Walgreens builds up pharmacy purchasing team
DEERFIELD, Ill. — Walgreens on Monday rounded out the pharmacy purchasing team led by Jeff Berkowitz, who joined Walgreens in the fall as SVP pharmaceutical development and market access. The team reporting to Berkowitz includes Walgreen veterans Frank DeStefano, Mike Bleser and Mike Allen, as well as newcomers Jeff Foreman and Gary Gleeson.
Following are the responsibilities each will be covering:
Frank DeStefano has been promoted to group VP pharmacy purchasing and supply chain. DeStefano, a 19-year veteran of Walgreens, has led the pharmacy purchasing department since April 2004. DeStefano will be responsible for the purchasing of brand and generic pharmaceutical purchases, as well as pharmaceutical inventory optimization for Walgreens’ retail, mail, specialty, home infusion, on-site and work-site pharmacy units;
Mike Bleser has been promoted to divisional VP pharmacy supply chain and analytics and will be responsible for the strategic management of pharmacy inventory across Walgreens. Bleser first joined Walgreens as manager of reporting and analysis in 1993 and “has been a big contributor in his roles in e-commerce, corporate strategy and most recently, pharmacy purchasing,” Walgreens stated;
Mike Allen has been promoted to divisional VP generic pharmacy purchasing and strategy, where he will be responsible for all generic drug purchasing for Walgreens. He previously was divisional merchandise manager for generics. Allen joined Walgreens in 1998 as a pharmacist after graduating from the Drake University School of Pharmacy that same year;
Jeff Foreman joined Walgreens as divisional VP brand pharmaceutical wholesaler and vaccine purchasing. Foreman comes to Walgreens from Cardinal Health, where he was VP strategic purchasing, marketing and business development. At Cardinal Health, he was responsible for half of the company’s pharmaceutical purchasing and for negotiating fee-for-service agreements with branded pharmaceutical manufacturers. Foreman also was responsible for clinical marketing programs and led the marketing and business development group. Prior to Cardinal, he spent 12 years with Walmart and was a pharmacy regional manager for Walmart’s across California, Utah, Nevada, Arizona and Hawaii. Foreman also held various positions at GlaxoSmithKline, Copper Country Apothecaries and Arbor Drugs and earned his B.S. in pharmacy from Ferris State University; and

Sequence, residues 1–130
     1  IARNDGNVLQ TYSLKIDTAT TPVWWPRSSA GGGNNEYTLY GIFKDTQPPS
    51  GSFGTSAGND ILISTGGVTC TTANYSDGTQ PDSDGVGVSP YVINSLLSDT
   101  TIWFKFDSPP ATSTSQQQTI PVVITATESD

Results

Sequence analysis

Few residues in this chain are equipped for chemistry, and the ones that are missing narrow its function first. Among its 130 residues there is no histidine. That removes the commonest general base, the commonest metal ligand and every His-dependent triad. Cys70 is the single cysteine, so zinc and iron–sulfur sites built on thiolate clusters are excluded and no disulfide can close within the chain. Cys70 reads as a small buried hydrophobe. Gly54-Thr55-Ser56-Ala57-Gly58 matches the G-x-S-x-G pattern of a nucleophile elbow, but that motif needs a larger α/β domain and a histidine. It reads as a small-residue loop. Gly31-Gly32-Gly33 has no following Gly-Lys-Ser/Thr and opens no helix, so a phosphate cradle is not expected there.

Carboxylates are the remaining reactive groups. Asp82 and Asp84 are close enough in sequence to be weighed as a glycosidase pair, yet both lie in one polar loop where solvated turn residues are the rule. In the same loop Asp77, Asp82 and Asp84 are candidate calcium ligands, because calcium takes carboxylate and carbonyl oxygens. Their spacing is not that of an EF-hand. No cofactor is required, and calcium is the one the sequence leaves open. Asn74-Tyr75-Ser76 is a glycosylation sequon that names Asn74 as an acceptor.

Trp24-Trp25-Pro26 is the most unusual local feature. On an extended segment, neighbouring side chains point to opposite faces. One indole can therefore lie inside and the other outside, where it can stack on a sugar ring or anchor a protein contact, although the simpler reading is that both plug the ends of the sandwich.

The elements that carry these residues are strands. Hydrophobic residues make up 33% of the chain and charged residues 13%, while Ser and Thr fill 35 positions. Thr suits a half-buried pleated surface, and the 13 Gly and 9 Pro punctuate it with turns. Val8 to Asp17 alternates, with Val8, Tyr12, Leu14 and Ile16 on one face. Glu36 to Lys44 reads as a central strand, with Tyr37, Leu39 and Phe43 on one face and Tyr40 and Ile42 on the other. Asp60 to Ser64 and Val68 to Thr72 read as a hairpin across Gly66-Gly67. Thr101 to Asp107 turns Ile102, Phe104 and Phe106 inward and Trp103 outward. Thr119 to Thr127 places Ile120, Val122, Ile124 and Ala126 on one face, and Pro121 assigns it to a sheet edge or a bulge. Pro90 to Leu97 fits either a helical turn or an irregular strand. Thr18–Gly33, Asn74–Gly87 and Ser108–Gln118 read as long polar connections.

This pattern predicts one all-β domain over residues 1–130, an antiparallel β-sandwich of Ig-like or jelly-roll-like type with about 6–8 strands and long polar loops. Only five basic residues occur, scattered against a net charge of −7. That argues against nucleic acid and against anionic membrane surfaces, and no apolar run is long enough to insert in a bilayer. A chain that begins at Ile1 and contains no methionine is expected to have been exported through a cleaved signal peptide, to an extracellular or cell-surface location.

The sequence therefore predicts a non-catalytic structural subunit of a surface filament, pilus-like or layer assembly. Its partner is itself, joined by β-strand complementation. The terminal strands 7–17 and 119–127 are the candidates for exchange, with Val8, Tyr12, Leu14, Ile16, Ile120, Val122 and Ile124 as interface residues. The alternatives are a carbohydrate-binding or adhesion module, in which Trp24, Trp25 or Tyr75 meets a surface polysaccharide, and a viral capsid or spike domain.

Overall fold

Gerry Gleeson joined Walgreens as divisional VP of pharmaceutical development. Gleeson’s primary focus will be optimizing Walgreens’ relationships with pharmaceutical manufacturers. Gleeson comes to Walgreens by way of Merck (formerly Schering-Plough), where he was an executive leader in the global market access business unit. He was responsible for leading the payer marketing strategy for all core U.S. product franchises and managing the global diversified products business unit. Prior to his time at Merck, Gleeson was a senior consultant in the life sciences practice with KPMG Peat Marwick.
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Study: Bristol’s apixaban effective among atrial fibrillation patients
NEW YORK — An investigational drug made by Bristol-Myers Squibb works better than aspirin in reducing the risk of complications in certain patients with heart rhythm problems, according to results of a late-stage clinical trial published in the New England Journal of Medicine.
Bristol said results of the phase-3 study comparing apixaban with aspirin showed that in patients with atrial fibrillation who were not suited to take the drug warfarin, apixaban was more effective than aspirin in reducing stroke and systemic embolism.
The investigational drug also was more effective than aspirin in reducing the composite of stroke, systemic embolism, heart attack and vascular death in atrial fibrillation patients.
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Avandia’s labeling information revised
PHILADELPHIA — GlaxoSmithKline has changed prescribing information on the labeling for one of its Type 2 diabetes drugs to reflect new restrictions on the drug’s use, the drug maker said.
GSK said it revised the labeling for Avandia (rosiglitazone) to take into account the risks of heart attacks and heart failure in patients taking the drug.
The FDA moved to restrict access to Avandia last year and required GSK to create a risk evaluation and mitigation strategy for the drug.
This label change is long overdue. Many patients lives could have been saved if this warning was placed when GSK knew of the problems related to MI's, CHF and Strokes. It is now GSK's responsibility to pay damages to those who have suffered from this medication.